Sheriff’s deputies responded to this neighborhood in Orcutt, on Jullien Drive.
Santa Barbara County – In spite of rigorous law enforcement training that includes protocols for dealing with the mentally ill, Santa Barbara County Sheriff’s Department deputies responding to a late afternoon 911 Emergency call on Monday, November 2nd found themselves forced to resort to deadly force to subdue 37-year-old Orcutt resident Nathan Prock.
According to SBSD Public Information Officer Kelly Hoover, the 911 call reported that Prock was “trying to stab himself with a knife,” and that he was in possession of a firearm that he intended to use to shoot deputies should they fail to shoot him.
Deputies arriving at Prock’s residence were immediately confronted by Prock, his hands camoflaged by a quilt as he “advanced quickly and purposefully towards the deputies.” In spite of vocal orders to halt his approach toward the deputies, Prock raised his camouflaged hand as though he carried a weapon, whereupon a deputy discharged his service weapon, and Prock fell to the ground.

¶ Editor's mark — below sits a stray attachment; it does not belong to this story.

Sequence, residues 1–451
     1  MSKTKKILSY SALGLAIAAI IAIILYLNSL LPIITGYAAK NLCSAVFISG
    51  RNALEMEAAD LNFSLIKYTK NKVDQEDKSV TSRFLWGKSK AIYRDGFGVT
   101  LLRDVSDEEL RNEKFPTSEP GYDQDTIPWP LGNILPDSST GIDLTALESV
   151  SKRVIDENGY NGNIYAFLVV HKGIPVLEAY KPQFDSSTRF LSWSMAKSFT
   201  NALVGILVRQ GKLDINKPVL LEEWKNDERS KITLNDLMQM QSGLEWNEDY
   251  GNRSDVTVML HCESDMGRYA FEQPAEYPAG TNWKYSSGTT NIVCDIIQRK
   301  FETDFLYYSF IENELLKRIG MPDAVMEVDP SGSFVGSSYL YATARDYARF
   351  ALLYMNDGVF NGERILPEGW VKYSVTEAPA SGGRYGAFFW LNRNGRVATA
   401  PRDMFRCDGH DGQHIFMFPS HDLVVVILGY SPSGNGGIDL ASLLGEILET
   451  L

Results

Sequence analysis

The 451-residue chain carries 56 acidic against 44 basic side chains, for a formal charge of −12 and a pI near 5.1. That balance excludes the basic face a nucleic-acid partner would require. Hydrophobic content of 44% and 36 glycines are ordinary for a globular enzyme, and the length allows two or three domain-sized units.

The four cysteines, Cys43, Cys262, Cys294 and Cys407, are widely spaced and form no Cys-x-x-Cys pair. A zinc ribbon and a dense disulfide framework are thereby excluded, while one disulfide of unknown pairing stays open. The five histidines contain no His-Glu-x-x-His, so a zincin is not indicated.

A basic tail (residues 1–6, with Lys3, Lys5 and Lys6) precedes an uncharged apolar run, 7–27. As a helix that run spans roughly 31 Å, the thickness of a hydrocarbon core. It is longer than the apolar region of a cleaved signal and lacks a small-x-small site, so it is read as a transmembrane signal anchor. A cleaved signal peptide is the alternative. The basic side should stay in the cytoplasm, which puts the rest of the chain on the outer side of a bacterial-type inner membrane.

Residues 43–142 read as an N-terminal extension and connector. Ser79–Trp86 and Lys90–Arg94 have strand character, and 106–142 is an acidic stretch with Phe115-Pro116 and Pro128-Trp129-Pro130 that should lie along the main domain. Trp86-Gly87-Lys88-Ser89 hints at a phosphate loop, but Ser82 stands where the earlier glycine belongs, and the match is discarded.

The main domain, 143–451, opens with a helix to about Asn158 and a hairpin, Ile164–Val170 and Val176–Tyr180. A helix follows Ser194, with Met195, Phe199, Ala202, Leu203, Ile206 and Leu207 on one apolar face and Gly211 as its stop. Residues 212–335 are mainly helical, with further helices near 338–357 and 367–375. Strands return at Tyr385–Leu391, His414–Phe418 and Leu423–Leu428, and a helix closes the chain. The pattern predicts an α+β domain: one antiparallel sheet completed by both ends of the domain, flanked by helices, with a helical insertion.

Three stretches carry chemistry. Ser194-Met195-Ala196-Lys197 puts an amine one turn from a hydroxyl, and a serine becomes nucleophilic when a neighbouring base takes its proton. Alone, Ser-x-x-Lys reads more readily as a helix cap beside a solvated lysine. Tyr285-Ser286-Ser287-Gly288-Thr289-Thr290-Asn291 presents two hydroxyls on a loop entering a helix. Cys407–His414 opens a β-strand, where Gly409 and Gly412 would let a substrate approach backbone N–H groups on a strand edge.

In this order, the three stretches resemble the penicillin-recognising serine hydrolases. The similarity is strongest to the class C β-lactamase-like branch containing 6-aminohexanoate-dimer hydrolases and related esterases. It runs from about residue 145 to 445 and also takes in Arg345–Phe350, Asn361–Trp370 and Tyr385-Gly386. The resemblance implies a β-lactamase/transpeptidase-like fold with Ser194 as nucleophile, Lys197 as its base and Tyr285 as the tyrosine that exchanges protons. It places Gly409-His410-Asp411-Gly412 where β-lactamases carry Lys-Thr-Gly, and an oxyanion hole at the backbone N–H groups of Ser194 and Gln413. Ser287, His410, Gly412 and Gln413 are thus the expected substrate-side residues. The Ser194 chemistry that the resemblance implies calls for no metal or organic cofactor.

While most individuals who are shot by a .9mm gun fall to the ground and remain there, Prock summarily stood back up and “became combative,” revealing the fact that he had not been shot, whereupon he was struck by a taser projectile and quickly subdued. Once Prock was handcuffed and it became apparent he had not been wounded, and that he didn’t have any weapon in his possession. He was transported to Santa Barbara County Jail for booking on charges of resisting an officer.
Prock had been arrested earlier this year, on June 1 by Lompoc police for driving while under the influence of drugs. His name also shows up in an earlier records search from 2010, when he was charged with being under the influence of a controlled substance in October, and burglary and a probation violation in March.
According to Kelly Hoover, the investigation into the incident is ongoing, with the Sheriff’s Criminal Investigations Division examining the circumstances involved in the firing of the deputy’s weapon, and the deputies involved being put on “routine administrative leave.”